The journey of the US military from a force built around equipment and structures suited to industrial age warfare, to one modeled on the challenges of the information age is at the core of the problem the Quadrennial Defense Review is trying to solve, said Maj. Gen. Steven Kwast, the Air Force’s QDR representative, during a Mitchell Institute for Airpower Studies event in Arlington, Va., Thursday. Over the past months, the QDR representatives from each of the services have started examining the risks in the world, and how the security environment will change in the coming years. But there are limitations, and Kwast made it clear that fiscal uncertainty—even with a new budget deal on the way—is taking its toll in those strategy talks. “The work has been good and collaborative and interesting, but we get to a point in that conversation where we have uncertainty on the resources,” Kwast said, referring to the specter of sequestration’s effects. This makes it “very difficult” to come to a finish line where strategy options are presented definitively. “If you make the worst case assumption, you’ll probably be wrong even then,” he added. “Sequestration may not be the worst case scenario in our future.”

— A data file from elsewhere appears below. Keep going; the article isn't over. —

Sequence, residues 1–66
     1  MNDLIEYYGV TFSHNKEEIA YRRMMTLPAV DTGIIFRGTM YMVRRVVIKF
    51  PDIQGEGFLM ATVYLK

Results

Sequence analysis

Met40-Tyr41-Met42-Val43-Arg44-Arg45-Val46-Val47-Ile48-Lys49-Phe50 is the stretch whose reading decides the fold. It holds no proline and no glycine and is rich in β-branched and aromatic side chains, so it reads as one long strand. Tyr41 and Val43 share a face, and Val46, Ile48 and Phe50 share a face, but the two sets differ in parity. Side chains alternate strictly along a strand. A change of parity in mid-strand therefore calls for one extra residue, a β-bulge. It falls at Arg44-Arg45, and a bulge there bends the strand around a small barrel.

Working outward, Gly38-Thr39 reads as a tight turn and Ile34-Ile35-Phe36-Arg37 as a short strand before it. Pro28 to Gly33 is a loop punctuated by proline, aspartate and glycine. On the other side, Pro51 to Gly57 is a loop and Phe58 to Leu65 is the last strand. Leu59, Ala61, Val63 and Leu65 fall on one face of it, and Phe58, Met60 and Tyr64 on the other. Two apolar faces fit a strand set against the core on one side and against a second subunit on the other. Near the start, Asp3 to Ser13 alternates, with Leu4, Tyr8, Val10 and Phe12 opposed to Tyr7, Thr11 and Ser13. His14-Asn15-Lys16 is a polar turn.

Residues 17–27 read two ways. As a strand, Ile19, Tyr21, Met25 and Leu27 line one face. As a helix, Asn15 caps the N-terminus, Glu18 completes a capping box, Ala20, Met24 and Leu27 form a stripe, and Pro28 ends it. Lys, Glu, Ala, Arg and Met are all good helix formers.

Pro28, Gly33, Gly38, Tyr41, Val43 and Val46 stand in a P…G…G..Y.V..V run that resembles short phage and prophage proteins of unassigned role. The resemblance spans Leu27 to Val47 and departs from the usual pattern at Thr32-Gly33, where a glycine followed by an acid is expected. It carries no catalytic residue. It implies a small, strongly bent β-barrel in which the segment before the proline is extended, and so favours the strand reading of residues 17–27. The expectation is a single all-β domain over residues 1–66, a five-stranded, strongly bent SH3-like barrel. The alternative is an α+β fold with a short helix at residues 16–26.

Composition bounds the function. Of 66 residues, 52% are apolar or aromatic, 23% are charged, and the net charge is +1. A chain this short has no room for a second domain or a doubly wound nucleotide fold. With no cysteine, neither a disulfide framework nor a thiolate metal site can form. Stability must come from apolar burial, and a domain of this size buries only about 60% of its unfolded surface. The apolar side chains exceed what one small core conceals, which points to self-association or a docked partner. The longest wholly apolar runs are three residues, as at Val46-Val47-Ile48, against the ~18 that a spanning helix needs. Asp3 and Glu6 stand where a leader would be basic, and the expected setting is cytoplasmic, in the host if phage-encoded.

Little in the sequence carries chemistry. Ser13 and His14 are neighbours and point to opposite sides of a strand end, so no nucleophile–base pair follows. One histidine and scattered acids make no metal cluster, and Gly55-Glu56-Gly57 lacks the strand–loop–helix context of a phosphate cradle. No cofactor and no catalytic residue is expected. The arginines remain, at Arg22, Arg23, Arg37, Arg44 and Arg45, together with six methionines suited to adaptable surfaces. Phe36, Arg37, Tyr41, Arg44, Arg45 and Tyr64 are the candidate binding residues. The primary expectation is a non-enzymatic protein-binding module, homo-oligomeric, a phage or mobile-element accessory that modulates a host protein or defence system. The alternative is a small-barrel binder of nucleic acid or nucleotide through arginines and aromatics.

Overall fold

Three B-1B Lancers from the 7th Bomb Wing flew over the Indo-Pacific alongside F-16s from the Japanese Air Self-Defense Force as part of a joint large force exercise. The mission began and ended in the continental U.S. The bombers flew 31 hours and landed Jan. 11.